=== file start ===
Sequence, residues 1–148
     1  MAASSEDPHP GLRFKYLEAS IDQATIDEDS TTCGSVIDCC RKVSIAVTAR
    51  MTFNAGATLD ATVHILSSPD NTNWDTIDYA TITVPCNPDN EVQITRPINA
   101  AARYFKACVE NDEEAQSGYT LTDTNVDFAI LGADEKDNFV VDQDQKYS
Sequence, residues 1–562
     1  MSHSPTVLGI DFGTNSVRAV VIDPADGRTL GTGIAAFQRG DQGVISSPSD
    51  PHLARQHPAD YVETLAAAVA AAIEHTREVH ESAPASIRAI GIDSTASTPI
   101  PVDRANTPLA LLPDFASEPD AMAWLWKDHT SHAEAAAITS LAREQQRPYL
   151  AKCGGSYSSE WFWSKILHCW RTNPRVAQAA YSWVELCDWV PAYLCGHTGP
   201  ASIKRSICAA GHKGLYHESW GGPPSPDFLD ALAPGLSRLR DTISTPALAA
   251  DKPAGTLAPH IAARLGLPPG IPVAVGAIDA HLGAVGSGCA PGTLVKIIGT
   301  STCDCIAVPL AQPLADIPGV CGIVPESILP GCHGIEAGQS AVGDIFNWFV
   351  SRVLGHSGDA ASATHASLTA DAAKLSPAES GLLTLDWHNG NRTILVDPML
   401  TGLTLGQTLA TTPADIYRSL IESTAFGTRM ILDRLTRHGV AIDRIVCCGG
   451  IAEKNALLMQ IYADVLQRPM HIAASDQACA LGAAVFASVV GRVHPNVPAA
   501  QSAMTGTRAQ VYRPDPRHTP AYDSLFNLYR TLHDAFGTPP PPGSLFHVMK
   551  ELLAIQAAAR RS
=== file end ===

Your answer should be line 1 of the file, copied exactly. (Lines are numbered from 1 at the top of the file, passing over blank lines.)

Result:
Sequence, residues 1–148